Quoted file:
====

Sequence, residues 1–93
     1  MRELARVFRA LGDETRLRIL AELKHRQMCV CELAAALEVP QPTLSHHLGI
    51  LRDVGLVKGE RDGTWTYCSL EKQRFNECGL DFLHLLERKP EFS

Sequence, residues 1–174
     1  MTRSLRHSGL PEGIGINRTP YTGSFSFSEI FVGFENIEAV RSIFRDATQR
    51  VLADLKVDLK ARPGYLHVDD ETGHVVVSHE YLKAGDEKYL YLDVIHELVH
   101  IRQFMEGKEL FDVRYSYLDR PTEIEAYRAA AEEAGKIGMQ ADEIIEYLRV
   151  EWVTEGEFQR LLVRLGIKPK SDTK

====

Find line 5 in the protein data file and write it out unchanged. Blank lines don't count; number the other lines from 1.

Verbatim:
     1  MTRSLRHSGL PEGIGINRTP YTGSFSFSEI FVGFENIEAV RSIFRDATQR